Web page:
Orange County Register
Fueling the STEM Pipeline
Feb. 4, 2014
According to a report issued last year by the National Science Foundation, women, African Americans, Hispanics and American Indians are significantly underrepresented in science and engineering.
Although their participation has shown net increases over the last two decades, a closer look reveals that progress stalled in 2000. Since then, underrepresented minorities’ shares in engineering and the physical sciences degrees have been flat, and participation in mathematics has actually decreased.
For example, black and Hispanic students represented just 7.5 and 7 percent, respectively, of all STEM degrees awarded in the 2008-09 academic year.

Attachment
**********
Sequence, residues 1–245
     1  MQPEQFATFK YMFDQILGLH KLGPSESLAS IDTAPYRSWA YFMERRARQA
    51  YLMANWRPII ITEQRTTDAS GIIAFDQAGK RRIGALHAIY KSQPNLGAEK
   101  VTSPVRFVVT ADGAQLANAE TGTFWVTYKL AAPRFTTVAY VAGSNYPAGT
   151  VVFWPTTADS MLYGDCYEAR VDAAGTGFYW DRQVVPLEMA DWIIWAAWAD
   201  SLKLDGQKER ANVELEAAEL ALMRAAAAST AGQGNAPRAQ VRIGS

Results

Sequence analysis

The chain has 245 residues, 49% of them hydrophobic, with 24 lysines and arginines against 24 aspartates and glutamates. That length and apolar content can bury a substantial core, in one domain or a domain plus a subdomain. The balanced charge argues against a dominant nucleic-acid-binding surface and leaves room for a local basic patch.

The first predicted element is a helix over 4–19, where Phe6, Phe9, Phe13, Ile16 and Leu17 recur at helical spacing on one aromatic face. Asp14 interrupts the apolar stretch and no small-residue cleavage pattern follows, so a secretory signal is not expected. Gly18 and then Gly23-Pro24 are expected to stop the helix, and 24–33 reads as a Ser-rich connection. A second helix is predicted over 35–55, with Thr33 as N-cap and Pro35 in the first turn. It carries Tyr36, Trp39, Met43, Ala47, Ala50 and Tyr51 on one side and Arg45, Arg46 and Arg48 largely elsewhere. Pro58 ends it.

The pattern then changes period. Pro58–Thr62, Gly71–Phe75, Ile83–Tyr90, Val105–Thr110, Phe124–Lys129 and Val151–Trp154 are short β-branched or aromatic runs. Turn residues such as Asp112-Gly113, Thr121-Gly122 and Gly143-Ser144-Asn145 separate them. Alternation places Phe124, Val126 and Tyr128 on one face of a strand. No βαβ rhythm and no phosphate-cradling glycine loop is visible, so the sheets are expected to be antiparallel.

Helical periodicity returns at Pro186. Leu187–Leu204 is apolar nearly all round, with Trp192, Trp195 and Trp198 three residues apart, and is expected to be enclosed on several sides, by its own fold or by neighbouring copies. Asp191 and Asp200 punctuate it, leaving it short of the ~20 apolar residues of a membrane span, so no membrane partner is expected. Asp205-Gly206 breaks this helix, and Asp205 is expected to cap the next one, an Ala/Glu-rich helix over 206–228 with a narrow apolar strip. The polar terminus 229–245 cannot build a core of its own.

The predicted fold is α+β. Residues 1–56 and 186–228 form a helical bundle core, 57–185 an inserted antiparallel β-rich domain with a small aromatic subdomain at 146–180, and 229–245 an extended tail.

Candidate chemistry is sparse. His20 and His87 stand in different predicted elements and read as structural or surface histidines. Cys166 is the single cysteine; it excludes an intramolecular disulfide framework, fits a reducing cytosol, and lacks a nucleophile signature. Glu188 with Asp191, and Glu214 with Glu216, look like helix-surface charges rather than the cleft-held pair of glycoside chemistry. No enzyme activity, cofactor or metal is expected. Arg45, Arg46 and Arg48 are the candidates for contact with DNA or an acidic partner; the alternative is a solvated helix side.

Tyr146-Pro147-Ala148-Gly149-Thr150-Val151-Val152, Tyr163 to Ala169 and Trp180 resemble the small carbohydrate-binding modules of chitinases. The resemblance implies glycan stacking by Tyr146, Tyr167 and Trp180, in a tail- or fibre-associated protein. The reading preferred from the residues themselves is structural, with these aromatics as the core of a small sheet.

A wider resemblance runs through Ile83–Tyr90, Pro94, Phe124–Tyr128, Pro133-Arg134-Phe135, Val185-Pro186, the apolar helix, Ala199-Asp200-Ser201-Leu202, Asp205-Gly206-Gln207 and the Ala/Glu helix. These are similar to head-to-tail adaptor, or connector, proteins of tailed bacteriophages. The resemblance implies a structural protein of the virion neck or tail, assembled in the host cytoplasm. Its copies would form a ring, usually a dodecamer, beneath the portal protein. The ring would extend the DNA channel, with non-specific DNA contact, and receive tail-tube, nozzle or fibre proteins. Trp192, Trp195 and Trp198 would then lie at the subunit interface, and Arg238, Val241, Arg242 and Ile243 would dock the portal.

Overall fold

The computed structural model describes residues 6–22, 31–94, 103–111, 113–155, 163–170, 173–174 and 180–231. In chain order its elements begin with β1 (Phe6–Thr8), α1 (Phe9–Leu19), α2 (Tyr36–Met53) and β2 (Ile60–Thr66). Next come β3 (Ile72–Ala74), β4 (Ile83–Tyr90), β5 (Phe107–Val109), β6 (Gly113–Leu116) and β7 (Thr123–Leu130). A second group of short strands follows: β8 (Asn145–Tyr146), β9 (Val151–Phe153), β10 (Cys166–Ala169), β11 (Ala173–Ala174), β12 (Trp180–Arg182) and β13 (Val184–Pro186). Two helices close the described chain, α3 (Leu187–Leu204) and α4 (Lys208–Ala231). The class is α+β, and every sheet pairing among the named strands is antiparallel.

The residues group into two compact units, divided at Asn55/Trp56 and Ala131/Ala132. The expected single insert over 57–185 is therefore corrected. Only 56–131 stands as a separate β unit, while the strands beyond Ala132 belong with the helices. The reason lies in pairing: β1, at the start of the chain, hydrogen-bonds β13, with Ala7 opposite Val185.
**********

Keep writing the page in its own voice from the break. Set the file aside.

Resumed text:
While this is hardly a new problem, “STEM degree completion rates along racial and ethnic lines remain stubbornly askew,” according to Diverse Issues in Higher Education, despite prior success in boosting underrepresented students acceptance rate to STEM A.A. and B.A. degree programs.
Read President Mildred García’s full column online.